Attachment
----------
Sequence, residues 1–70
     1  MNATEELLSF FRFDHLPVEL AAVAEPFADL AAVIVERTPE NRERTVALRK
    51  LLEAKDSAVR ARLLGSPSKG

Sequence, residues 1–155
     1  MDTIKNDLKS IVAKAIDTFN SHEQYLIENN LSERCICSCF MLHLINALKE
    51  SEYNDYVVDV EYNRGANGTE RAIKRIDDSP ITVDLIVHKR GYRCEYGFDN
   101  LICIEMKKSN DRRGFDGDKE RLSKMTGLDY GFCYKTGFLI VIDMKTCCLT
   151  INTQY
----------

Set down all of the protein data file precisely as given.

Sequence, residues 1–70
     1  MNATEELLSF FRFDHLPVEL AAVAEPFADL AAVIVERTPE NRERTVALRK
    51  LLEAKDSAVR ARLLGSPSKG

Sequence, residues 1–155
     1  MDTIKNDLKS IVAKAIDTFN SHEQYLIENN LSERCICSCF MLHLINALKE
    51  SEYNDYVVDV EYNRGANGTE RAIKRIDDSP ITVDLIVHKR GYRCEYGFDN
   101  LICIEMKKSN DRRGFDGDKE RLSKMTGLDY GFCYKTGFLI VIDMKTCCLT
   151  INTQY